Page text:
I haven't been able to stop thinking about John Franklin Stevens. He's the guy whose letter has been all over our blogs. He wrote it in September of 2008. The part I can't stop thinking about is this:
"The hardest thing about having an intellectual disability is the loneliness. We process information slower than everyone else. So even normal conversation is a constant battle for us not to lose touch with what the rest of you are saying. Most of the time the words and thoughts just go too fast for us to keep up and when we finally say something it seems out of place."
This.... this happens all-the-time. We will be sitting around the diningroom table chattering away and from out of left field, Beth will say something that we were talking about 10 minutes before. I've wondered how to blog about it; our frustration in trying to understand this behavior. Oh my word. John's explanation almost brings me to tears. Thinking that Beth has been sitting there trying desperately to keep up. I've been so insensitive. All. These. Years. Lord, forgive me.
"We are aware when the rest of you stop and just look at us. We are aware when you look at us and just say 'uh huh' and then move on, talking to each other. You mean no harm, but you have no idea how alone we feel even when we are with you."
Oh my gosh, we do that all the time! We look at her like, "Yea Beth. Okay." Then continue on!! We didn't know...!! I didn't realize that's what was happening! He's right, we really didn't mean to hurt her. I wish she could have explained what it was like for her. I'm so grateful John was able to express it.
It has changed me. Changed us. We now speak slower. Not a painful... deliberate.... torturing speech. But just slightly, to give her time to not only recognise. each. word. but. to also understand the concept behind the sentence. Then we are patient, waiting for her to process, then form a response, and actually speak it. I have seen a huge difference. She is willing to talk to us more often. And she seems happier. Like she's not as alone as she was last week.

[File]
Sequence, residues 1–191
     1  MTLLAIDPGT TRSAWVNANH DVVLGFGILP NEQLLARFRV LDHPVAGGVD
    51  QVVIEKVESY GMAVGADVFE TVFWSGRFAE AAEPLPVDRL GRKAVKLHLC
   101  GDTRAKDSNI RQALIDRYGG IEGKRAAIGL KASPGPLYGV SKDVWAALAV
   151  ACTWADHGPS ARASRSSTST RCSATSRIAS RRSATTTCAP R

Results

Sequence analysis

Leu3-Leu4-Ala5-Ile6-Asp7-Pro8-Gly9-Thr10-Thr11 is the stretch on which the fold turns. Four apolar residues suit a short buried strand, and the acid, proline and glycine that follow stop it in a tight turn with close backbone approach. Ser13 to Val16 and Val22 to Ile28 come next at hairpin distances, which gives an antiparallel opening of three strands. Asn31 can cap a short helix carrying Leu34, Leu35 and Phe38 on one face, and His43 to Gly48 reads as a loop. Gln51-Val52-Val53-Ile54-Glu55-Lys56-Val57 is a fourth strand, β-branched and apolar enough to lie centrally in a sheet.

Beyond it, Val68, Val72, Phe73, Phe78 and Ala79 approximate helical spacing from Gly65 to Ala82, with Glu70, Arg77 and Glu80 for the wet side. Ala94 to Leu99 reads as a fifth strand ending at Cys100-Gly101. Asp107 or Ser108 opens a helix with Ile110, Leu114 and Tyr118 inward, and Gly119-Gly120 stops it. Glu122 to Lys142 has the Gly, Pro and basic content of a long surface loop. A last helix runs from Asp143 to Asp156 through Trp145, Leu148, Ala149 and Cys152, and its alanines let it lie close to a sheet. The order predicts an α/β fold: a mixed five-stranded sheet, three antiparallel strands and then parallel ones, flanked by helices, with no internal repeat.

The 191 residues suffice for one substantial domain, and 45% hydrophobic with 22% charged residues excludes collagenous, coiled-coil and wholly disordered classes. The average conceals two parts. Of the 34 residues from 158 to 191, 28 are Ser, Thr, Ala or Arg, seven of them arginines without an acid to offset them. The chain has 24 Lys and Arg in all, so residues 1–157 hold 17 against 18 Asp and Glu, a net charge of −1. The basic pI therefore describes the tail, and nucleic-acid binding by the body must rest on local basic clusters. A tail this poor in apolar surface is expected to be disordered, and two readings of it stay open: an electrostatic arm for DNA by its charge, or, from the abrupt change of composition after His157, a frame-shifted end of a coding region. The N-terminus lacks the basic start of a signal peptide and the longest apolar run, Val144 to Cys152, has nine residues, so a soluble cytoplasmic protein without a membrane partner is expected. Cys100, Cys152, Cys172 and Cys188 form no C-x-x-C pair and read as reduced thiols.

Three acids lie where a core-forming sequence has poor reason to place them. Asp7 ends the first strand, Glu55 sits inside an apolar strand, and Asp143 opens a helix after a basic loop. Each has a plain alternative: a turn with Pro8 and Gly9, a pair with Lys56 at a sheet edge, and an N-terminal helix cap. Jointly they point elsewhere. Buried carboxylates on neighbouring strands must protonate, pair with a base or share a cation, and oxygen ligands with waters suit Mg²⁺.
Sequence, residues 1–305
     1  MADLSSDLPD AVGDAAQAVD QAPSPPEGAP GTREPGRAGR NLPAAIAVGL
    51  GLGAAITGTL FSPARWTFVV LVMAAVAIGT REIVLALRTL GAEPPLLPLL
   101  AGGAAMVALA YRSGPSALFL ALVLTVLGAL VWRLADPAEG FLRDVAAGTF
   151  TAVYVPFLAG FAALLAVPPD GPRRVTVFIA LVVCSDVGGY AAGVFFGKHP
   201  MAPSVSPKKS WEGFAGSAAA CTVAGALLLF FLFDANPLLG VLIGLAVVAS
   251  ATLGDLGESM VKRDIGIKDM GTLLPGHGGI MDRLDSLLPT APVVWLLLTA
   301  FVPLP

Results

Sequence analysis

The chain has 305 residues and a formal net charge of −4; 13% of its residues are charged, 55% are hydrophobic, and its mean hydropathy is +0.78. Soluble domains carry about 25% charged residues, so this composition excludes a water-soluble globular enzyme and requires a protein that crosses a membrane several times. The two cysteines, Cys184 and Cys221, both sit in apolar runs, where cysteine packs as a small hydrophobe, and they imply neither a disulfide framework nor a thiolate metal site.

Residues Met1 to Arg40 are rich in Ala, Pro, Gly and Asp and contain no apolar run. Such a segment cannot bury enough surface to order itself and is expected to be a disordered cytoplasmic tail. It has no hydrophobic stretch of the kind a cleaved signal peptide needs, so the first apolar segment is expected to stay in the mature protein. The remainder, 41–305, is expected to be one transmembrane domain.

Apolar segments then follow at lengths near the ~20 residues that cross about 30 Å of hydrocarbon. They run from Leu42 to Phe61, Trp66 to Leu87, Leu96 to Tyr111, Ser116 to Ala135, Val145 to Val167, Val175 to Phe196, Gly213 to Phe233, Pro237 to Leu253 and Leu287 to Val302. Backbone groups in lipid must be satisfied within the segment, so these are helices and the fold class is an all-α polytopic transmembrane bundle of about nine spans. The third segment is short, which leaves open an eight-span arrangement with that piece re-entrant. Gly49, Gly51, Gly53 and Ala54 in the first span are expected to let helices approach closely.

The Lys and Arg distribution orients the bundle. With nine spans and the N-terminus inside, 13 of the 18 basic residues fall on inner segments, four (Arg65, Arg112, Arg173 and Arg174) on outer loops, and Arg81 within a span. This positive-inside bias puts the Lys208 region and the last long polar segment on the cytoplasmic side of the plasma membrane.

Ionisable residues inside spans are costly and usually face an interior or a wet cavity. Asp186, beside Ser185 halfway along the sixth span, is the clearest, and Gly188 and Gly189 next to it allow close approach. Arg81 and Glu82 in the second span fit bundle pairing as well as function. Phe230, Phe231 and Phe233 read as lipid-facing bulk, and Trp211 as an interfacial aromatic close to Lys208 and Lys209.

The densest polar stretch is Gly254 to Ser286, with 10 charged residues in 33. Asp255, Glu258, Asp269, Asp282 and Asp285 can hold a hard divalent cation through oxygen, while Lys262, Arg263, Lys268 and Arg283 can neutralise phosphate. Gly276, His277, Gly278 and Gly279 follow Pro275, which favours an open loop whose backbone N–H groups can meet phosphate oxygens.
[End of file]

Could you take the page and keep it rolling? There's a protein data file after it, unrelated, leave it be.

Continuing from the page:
Thinking about what we've been doing makes me sick to my stomach. Part of me is on the verge of tears thinking about what life must be like for Beth. Part of me wishes I was a better parent. Part of me wishes I had known this years ago. I know that in the world of Down Syndrome, Beth is quickly approaching middle age, if not there already. Some days I feel like it's too late and I've failed her.
But part of me is so grateful that we are making this change. Always trying to make life better for Beth. Always trying to understand her better. That's what parenting is after all. And it doesn't necessarily end when they turn 18.
It's time we stop looking over our shoulders to make sure Beth is still running this race. It's time we slow down and consciously run with her.